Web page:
National Weather Service meteorologist Mitchell Gaines said Monday that the river crested at 25.15 feet at Easton and was slowly falling lower - it was at 24.71 feet by 11 a.m.
By 11:30 a.m., the river was at 24.71 feet in Easton, below the 26-foot moderate flood stage. It's expected to drop below the 20-foot flood stage early Tuesday morning.
The river, which meanders between Pennsylvania and New Jersey, is forecast to continue dropping through the day to normal levels on Tuesday. The river had initially been forecast to go higher than 30 feet.
"I'm sure everyone is ready for this flooding to be over with," said Lee Roberts, another meteorologist.
Helen Hunter, who lives along the Lehigh River, near its convergence with the Delaware in Easton, was among those who evacuated, staying at a hotel Sunday night along with her daughter and two sons.
Hunter, 82, opted for a hotel, expecting her home to flood like it did in 2004, 2005 and 2006.
`I was disgusted. I said, `I'm getting tired of this, year after year,"' said Hunter, who returned to find the Lehigh swollen but the road only covered in a few spots.
"It's looking good right now," she said as she prepared to move her belongings back to the first floor. "It's really looking good."
Across the state, 443,000 customers remained without power Monday, according to Ruth Miller, a spokeswoman for the Pennsylvania Emergency Management Agency, down from what had been 706,000.
Philadelphia International Airport, which closed to traffic during the storm, was starting to resume service Monday. Flights started arriving again late Sunday night and early Monday, airport spokeswoman Victoria Lupica said, and most carriers expected to return to a regular schedule by Monday afternoon.
The mass transit agency serving Philadelphia and its suburbs, which also suspended service during the storm, was working on returning to a normal schedule Monday, spokesman Andrew Busch said.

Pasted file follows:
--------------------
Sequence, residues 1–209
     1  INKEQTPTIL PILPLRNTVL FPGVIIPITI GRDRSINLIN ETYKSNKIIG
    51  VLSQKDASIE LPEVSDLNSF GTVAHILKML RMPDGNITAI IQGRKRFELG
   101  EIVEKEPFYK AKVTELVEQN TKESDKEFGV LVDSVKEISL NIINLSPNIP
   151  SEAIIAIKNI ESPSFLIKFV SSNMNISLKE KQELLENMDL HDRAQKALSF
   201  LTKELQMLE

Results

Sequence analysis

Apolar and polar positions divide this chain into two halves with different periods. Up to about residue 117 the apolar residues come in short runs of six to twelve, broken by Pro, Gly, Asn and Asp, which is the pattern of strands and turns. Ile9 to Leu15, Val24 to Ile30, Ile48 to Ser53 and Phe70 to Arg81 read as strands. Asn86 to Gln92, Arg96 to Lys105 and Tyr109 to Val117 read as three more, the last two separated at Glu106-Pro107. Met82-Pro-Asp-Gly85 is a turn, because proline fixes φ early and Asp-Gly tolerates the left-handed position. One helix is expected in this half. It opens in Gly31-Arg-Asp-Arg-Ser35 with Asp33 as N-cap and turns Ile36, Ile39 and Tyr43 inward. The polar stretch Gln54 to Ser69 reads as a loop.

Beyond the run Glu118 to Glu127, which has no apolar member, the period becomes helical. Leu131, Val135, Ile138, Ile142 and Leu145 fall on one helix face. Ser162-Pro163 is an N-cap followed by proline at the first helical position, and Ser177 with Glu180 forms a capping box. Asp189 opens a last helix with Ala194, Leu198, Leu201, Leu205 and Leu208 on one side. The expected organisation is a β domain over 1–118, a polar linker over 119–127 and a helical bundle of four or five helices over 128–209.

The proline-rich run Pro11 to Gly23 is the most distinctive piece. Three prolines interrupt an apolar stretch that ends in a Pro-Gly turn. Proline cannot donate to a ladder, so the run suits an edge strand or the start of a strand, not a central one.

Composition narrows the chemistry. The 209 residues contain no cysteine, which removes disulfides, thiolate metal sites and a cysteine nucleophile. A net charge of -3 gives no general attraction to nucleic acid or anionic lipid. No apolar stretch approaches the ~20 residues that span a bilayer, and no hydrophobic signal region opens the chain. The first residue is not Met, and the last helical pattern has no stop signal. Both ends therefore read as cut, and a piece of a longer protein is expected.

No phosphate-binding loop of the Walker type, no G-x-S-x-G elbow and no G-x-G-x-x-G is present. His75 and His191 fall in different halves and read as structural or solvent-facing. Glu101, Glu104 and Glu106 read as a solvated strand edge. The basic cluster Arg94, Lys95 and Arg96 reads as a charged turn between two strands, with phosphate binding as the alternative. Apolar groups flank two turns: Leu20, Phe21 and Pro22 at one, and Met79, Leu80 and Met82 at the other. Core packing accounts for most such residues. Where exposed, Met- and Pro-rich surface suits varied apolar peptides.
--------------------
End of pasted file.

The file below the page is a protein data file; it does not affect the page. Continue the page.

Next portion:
All of the Southeastern Pennsylvania Transportation Authority's bus, subway and trolley lines were running, Busch said, but service on four of the 13 regional rail lines remained suspended.
In several school districts, where the new academic year was scheduled to begin Monday, classes were canceled because of Irene. Among the districts postponing the start of the school year until Tuesday were Easton, Central Bucks, Coatesville, Kutztown, Nazareth and Unionville-Chadds Ford.
On Sunday it was the Schuylkill, that wreaked havoc, cresting to more than 15 feet in Norristown and inundating homes with muddy water and flooding streets in Philadelphia, too.
"You take the good with the bad down here," said Bud Buono, 51, who's lived on the Schuylkill for 30 years. "It's a different breed of people."
In Philadelphia, the Schuylkill flooded low-lying streets and crested at 13.56 feet just after 2 p.m. - below the 15-foot level that city officials had forecast.
Irene has contributed to at least five deaths in Pennsylvania and left hundreds of thousands of Pennsylvania customers in the dark.
Though the skies cleared Sunday - the sun was out on Monday, too - the lingering concern remained complacency amid the cleanup.
"We have been very fortunate to this point," Gov. Tom Corbett said at a news conference Sunday. "Even though it's clearing up out there, we're not done yet."
Eleven Pennsylvania counties are on the list for potential federal disaster assistance, and officials say more counties may be added as the state recovers from Hurricane Irene.
The Pennsylvania Emergency Management Agency said Monday the list so far includes Bucks, Chester, Delaware, Lehigh, Monroe, Montgomery, Northampton, Philadelphia, Pike, Wyoming and Wayne counties.
Associated Press writers Patrick Walters in Philadelphia and Peter Jackson in Harrisburg contributed to this report.